There was also poor coordination between the media and the emergency team. The emergency team found it hard to provide needed information to the media during the anthrax incident (Heyman, Achterberg & Laszlo, 2002). It needed the media to persuade the public to seek treatment. Even though the emergency team managed to reach the media to disseminate important information to the public, it took them a lot of time. Therefore, poor communication and coordination were the main challenges that affected the effectiveness of the emergency team that was responding to anthrax incident that took place in 2001. Effective coordination of various personnel and timely and accurate sharing of information is required in any emergency situation as the one experienced by the US in 2001. 

Lack of experience with anthrax was another major challenge that affected response to anthrax incident with the emergency team, particularly among the physicians. Particularly, physicians involved were not sure of the instruction to use when diagnosing inhalational anthrax. At the same time, physicians found it challenging to differentiate between influenza and anthrax symptoms. Consequently, there was a high rate of missing diagnosis. Besides, people started coming to health facilities in large numbers suspecting that they had asthma due to the inaccuracy in the symptoms that were provided by the medical practitioners. Although this was expected due to the fact that anthrax is a rare disease in the US, it significantly affected the ability of the emergency team to respond to the situation ( Roos & Schnirring, 2011).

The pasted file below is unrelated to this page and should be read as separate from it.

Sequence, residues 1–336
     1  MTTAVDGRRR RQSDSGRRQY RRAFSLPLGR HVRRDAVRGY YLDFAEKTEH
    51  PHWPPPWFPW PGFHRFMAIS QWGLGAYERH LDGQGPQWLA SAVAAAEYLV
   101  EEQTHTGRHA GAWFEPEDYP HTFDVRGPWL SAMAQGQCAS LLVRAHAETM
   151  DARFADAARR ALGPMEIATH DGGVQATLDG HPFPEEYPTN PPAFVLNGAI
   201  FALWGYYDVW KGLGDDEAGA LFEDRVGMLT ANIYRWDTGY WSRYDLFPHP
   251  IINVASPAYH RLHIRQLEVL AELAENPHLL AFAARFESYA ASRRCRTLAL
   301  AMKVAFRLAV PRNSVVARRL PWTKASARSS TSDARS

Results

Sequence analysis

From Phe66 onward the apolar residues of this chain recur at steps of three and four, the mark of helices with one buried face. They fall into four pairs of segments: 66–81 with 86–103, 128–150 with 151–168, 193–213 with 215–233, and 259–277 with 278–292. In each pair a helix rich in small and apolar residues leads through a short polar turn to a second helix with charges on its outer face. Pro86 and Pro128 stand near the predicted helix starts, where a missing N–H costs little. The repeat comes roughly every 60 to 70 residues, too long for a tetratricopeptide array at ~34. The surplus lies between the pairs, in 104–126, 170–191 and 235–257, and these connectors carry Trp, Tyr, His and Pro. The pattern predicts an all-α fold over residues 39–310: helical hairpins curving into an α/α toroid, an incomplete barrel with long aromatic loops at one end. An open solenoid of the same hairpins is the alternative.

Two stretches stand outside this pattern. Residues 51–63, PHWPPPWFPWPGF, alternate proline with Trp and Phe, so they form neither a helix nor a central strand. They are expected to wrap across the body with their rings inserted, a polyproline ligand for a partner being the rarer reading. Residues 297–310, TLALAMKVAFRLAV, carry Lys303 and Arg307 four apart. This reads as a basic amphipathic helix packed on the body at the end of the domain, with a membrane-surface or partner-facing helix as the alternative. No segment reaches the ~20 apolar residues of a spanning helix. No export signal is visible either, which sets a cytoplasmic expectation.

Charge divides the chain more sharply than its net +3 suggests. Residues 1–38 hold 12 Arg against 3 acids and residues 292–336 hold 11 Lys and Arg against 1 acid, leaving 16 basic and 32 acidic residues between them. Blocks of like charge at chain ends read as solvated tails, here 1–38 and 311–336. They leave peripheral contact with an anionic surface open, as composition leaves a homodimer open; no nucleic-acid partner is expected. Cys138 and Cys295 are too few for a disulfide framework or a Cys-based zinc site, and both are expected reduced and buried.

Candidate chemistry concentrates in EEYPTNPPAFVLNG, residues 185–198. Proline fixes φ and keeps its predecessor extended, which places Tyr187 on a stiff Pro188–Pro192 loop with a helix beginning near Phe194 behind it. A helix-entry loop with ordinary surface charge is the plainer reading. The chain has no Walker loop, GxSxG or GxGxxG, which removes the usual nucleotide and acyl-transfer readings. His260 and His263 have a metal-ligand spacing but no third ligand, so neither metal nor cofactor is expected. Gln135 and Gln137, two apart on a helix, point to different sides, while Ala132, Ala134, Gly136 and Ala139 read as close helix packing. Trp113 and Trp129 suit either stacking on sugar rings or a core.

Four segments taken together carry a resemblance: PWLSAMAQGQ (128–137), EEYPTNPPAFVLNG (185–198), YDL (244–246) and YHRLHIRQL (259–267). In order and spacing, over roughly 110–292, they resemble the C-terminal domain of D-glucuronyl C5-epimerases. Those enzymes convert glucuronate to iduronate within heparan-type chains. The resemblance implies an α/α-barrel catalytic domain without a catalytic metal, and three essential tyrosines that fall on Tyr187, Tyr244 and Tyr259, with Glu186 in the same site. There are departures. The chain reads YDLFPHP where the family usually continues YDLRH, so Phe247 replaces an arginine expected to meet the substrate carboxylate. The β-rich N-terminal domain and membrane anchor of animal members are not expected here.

In addition, public health workers who were part of the emergency team were overwhelmed with work. The workload during anthrax incident increased substantially in the health departments and laboratories across the country. Consequently, public work officers were forced to do a lot of work that included testing a large number of samples and responding to numerous calls. For instance, some health workers were forced to respond to about 25,000 calls within two weeks during the crisis (Heyman, Achterberg & Laszlo, 2002). In order to solve the problem of increased workload, the emergency team borrowed workers from other agencies such as the CDC to help in meeting the demand for laboratory testing and surveillance. However, borrowing workers came with an additional challenge as they had to be trained for their new duties, which was time-consuming and costly. Besides, some of the health centers lacked crucial experts such as epidemiologists who were needed to investigate the suspected cases of anthrax. There were no enough personnel, particularly public health workers to effectively address the emergency situation.